Retailers look for innovative ways to reduce returns and their environmental impact

The trend: Retailers are turning to unconventional returns solutions, such as peer-to-peer returns and consumer selfies, to cut back on unwanted purchases and reduce their environmental impact.

Tactics include:

  • Implementing returns fees
  • Adding more user-generated content (UGC)
  • Enabling peer-to-peer returns

Charging for returns: More retailers, particularly those in the fast-fashion space, are beginning to charge customers for returns to offset rising costs and protect margins.

  • Boohoo is the latest retailer to implement a returns fee after experiencing elevated returns rates as consumers purchased more form-fitting clothing.
  • Zara began charging for returns in the UK and other markets earlier this year, although the fast-fashion company says the policy hasn’t affected sales.
  • While there is a risk of alienating consumers with additional charges, retailers that frame the move in environmental terms—i.e. as a method of reducing their carbon footprint—can still retain loyalty.
  • The majority (69%) of UK consumers say they would be willing to pay for returns as long as the money is used to reduce their environmental impact, per ReBound.

Post-purchase UGC: The most effective and lasting way to cut back on returns is to give shoppers an accurate sense of what an item looks like in real life. While some retailers have relied on AR try-on to solve that problem, another potential solution is adding more UGC so consumers can see what a product looks like once it arrives.

  • Nearly two-thirds (61%) of consumers say that retailers can reduce returns by adding more post-purchase content, per a survey by Nosto.
  • Roughly the same number (59%) say use of try-on tech will also cut back on returns.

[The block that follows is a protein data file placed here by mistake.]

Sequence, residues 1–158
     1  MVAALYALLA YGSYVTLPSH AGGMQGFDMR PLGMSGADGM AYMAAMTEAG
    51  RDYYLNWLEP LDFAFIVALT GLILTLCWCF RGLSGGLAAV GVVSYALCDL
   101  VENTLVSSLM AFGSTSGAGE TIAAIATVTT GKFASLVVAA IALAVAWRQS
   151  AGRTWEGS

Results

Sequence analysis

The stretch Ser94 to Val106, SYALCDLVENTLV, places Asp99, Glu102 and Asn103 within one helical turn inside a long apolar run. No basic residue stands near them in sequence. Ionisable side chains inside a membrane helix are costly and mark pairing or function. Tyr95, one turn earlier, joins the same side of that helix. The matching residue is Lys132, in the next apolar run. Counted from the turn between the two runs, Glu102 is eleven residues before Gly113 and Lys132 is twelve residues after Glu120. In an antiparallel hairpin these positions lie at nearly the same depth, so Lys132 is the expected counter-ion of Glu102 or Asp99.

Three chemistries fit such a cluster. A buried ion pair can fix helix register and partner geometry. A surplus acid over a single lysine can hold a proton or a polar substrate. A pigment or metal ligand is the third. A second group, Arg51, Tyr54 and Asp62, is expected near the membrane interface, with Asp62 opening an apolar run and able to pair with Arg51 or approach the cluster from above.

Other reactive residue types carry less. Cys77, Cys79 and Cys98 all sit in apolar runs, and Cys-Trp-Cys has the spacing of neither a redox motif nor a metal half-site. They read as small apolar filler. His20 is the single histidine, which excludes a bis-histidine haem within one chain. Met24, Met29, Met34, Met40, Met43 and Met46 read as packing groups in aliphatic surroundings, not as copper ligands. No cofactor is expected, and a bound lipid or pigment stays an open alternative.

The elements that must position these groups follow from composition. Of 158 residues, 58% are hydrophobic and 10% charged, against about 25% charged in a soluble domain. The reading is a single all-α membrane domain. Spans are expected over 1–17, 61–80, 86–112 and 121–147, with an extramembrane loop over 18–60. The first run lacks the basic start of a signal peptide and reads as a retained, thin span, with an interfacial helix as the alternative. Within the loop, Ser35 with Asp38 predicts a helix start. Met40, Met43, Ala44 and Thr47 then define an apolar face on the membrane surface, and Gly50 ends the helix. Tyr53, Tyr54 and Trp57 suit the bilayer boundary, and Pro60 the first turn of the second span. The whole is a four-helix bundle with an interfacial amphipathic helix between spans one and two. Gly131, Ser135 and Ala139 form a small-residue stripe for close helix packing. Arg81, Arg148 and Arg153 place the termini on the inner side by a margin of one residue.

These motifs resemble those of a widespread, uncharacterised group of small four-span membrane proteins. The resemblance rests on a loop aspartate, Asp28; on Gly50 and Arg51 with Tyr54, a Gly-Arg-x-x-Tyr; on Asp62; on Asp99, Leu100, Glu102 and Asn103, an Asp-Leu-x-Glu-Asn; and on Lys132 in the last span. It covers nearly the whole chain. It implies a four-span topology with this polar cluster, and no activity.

Peer-to-peer returns: Peer-to-peer returns allow consumers to sell the unwanted item to other shoppers at a markdown. That frees the retailer from having to move the product through the expensive and complex reverse logistics process, saving them on average $20 per return.

  • Peer-to-peer returns are most effective when there is proven demand for an item, and may not be feasible in situations where the customer is returning multiple or large items.
  • In those instances, shoppers may prefer to resell the item on a platform like Etsy or thredUP, although they would then have to shoulder the shipping costs themselves.

The big takeaway: With many retailers already facing reduced margins due to elevated costs and excess inventory, cutting back on returns has become a priority. At the same time, brands have to be careful that their returns experience doesn’t turn shoppers off the company entirely.

“The return time frames and potential charges for returns are so confusing to the customer,” said Patty Soltis, eMarketer principal analyst at Insider Intelligence. “Finding the information on the site can be tough. The retailers need to figure out why the customer is returning using voice of the customer data, then fix that.

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